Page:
Platform Piety: TV preacher pushes Democrats to add nod to God
Is God a Republican or a Democrat?
The United States is facing a difficult economy, a high jobless rate, a large budget deficit, potential financial problems with Social Security and Medicare and perilous situations overseas. But this week, instead of focusing exclusively on those concerns, a discussion broke out about the place of God in party platforms.
The Democratic platform draft celebrated the “central role” of faith in American life and endorsed “faith-based” partnerships between government and religion.
“We believe,” it said, “in constitutionally sound, evidence-based partnerships with faith-based and other non-profit organizations to serve those in need and advance our shared interests.” Drafting of the document was led by former Ohio governor Ted Strickland, a Methodist minister.
But the draft didn’t mention the G-word, and the Religious Right pounced.
In a blog post headlined “Exclusive: Democrats Drop ‘God’ From Party Platform,” Christian Broadcasting Network “Chief Political Correspondent” David Brody breathlessly announced that “God’s name has been removed from the Democratic National Committee platform.”
Brody added, “The Brody File has calls into [the Democratic National Committee] to explain why God’s name has been dropped from the platform. Some critics will suggest that when you have planks in your platform that support abortion rights and gay marriage then it’s no wonder that God’s name would be dropped as well.”
Brody’s boss, TV preacher Pat Robertson, quickly piled on. On the Sept. 5 episode of his nationally televised “700 Club,” the Christian Coalition founder insisted that the Democrats have become the party of “gays, godlessness and whatever else.”
Other Religious Right forces, the “fair and balanced” Fox News Network and partisan political operatives seized the meme as well.
Some Democrats tried to challenge the allegations.
Sen. Richard Durbin (D-Ill.) told a Fox interviewer, “[I]f the narrative that is being presenting on your station and through your channel and your network is that that Democrats are godless people, they ought to know better. God is not a franchise of the Republican Party.
“Those of us who believe in God and those of us who have dedicated our lives to helping others in the name of God,” he continued, “don’t want to take a second seat to anyone who is suggesting that one word out of the platform means that the Democrats across America are godless.”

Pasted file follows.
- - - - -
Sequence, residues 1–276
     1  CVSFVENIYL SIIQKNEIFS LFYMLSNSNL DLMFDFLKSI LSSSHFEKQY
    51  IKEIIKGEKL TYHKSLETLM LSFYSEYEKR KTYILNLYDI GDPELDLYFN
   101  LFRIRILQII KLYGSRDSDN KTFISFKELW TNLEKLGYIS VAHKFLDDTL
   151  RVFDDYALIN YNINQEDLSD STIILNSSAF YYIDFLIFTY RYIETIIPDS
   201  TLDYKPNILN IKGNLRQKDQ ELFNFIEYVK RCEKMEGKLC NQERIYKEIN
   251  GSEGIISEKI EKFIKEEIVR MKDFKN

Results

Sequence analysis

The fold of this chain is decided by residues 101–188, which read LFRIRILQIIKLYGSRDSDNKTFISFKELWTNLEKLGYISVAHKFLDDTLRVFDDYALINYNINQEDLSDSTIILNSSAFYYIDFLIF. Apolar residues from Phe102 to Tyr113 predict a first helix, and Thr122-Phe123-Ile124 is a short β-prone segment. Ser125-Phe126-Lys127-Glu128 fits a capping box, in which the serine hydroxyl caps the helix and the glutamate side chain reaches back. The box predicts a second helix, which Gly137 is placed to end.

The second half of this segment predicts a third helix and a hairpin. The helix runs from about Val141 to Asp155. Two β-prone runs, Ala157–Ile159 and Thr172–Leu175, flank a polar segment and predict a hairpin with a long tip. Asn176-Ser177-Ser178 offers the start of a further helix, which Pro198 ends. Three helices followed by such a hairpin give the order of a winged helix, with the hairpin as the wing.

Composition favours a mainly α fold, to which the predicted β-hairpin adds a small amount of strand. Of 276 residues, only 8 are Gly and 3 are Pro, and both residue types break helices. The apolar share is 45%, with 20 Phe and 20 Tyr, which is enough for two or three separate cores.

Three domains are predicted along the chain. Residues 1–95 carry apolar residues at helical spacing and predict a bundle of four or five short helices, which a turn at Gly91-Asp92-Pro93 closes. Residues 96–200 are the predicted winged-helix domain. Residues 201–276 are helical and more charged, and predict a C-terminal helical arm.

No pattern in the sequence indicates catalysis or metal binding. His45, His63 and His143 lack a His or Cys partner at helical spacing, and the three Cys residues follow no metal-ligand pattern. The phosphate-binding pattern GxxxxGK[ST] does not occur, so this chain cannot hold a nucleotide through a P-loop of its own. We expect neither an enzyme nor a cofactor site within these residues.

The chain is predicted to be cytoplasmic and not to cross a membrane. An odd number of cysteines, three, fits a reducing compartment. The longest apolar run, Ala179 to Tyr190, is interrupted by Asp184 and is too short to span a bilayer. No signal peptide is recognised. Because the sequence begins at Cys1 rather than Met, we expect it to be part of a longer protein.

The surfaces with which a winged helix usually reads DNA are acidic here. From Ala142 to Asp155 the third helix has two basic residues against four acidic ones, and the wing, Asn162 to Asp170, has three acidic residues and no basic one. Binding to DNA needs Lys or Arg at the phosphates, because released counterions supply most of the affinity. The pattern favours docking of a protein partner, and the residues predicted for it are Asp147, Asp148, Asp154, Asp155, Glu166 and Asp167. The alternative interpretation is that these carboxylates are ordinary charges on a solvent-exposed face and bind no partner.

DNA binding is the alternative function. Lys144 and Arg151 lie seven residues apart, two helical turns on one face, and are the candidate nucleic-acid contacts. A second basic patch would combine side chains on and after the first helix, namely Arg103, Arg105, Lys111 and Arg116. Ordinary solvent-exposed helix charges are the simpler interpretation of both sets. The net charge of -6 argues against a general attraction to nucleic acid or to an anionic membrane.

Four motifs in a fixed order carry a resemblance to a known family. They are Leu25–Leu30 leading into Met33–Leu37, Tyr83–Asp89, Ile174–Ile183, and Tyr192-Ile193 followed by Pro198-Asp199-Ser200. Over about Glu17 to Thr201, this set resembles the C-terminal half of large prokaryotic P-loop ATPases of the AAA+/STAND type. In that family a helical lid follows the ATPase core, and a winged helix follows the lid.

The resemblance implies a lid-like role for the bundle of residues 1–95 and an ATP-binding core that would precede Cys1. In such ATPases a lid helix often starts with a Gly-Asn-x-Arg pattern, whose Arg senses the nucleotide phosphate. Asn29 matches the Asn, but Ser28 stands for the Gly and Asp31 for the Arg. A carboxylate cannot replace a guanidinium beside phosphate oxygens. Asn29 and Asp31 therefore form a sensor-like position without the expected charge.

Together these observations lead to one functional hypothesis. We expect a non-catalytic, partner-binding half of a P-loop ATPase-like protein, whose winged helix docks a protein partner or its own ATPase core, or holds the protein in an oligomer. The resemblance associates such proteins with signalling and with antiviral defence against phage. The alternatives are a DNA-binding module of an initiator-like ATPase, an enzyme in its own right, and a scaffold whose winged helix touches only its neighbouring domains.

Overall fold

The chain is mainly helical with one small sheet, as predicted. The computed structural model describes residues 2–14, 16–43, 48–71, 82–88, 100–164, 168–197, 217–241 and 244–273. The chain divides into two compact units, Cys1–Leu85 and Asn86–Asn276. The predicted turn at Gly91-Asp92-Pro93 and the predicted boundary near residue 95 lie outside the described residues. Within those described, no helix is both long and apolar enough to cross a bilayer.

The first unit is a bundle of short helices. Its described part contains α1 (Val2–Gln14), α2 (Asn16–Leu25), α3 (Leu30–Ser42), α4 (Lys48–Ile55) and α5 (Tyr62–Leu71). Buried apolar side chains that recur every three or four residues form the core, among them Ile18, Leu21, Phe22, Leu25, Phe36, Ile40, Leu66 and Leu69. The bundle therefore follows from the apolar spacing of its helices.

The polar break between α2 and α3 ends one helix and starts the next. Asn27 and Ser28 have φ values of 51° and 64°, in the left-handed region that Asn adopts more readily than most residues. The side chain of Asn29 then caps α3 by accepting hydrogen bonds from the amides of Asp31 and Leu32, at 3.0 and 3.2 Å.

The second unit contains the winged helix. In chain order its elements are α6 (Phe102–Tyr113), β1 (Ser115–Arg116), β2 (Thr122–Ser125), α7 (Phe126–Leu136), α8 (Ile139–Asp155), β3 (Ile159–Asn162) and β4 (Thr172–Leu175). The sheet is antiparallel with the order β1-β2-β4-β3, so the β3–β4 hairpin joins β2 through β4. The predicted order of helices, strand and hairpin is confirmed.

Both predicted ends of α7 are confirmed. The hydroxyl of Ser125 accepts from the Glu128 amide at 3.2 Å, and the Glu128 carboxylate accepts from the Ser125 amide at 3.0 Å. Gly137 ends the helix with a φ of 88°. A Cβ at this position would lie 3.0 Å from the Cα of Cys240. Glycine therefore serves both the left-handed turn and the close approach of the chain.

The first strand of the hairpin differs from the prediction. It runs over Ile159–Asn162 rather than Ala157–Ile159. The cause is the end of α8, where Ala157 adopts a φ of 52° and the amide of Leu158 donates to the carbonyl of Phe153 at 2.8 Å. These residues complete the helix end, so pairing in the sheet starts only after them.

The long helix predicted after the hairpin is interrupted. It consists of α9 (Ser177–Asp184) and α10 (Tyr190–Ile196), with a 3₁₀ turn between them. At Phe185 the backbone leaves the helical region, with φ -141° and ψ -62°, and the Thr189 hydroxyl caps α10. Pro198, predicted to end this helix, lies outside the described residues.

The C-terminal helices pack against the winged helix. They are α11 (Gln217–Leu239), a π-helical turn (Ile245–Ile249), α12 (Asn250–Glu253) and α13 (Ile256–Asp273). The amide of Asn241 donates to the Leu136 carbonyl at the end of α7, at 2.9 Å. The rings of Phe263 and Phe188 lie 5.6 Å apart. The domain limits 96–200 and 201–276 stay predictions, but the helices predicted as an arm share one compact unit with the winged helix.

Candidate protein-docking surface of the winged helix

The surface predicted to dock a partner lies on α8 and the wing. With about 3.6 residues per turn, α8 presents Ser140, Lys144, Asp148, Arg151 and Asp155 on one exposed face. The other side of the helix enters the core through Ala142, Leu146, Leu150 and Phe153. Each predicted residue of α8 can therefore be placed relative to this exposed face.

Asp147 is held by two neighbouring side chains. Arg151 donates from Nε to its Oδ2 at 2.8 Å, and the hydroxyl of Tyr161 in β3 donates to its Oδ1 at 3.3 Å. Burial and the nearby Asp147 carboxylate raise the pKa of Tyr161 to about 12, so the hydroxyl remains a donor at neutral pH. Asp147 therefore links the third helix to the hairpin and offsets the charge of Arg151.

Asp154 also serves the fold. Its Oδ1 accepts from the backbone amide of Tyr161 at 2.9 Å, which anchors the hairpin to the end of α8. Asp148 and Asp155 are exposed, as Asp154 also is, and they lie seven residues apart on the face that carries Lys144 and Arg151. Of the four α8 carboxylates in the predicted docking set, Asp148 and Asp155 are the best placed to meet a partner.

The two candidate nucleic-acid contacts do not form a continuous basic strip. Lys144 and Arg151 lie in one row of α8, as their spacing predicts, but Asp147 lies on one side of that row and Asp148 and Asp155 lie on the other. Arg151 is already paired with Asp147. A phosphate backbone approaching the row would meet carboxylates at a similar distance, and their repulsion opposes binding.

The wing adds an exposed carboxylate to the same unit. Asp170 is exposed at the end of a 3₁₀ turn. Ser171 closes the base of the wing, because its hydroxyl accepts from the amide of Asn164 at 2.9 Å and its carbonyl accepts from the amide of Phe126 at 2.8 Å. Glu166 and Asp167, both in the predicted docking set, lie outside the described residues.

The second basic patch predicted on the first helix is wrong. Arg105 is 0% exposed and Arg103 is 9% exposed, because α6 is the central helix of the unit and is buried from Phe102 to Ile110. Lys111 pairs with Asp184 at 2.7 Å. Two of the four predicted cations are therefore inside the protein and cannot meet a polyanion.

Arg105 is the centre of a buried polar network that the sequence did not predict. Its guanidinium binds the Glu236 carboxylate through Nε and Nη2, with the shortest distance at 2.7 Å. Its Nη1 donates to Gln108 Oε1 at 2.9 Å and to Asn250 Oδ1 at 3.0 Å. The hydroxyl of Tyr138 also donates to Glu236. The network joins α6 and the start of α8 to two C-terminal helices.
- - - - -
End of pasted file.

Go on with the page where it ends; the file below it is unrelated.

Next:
In fact, of course, some Democrats are godless, just as some Republicans are. And some members of both parties are Christians, Jews, Muslims and adherents of dozens of other faiths. This is America; we’re all about diversity and equality.
But Democratic leaders soon decided the safest course out of the quagmire was to shoehorn a mention of God into the platform. Language was added asserting that “we need a government that stands up for the hopes, values and interests of working people and gives everyone willing to work hard the chance to make the most of their God-given potential.”
What do we make of all this? To me, it shows the ominous ongoing power of the Religious Right and its disproportionate influence in American political life. The theocratic movement’s money, media machine and massive squadrons of foot soldiers are alarming. And they do not hesitate to introduce religion into the public square in the most divisive, partisan and negative ways.
CBN’s Brody even boasted about how much trouble he had caused.
“The Brody File first pointed it out,” he said, “and the media followed, making this a story that the DNC wants to make go away. The problem is it’s not going away. Expect the Romney campaign to push this until Election Day. These last second changes really just make the issue worse and make the Democrat Party look bad.”
Robertson and his fundamentalist cronies may not – yet – have the clout to implement all of their oppressive agenda, but they look for every opportunity to advance their goals.
Those of us who support individual freedom of conscience and the separation of church and state must remain ever on the alert.
PS: I hope nobody tells the Religious Right honchos that there’s no mention of God in the U.S. Constitution. They’ll start a drive for a constitutional amendment. Fortunately, amendments are a lot harder to achieve than changes in party platforms.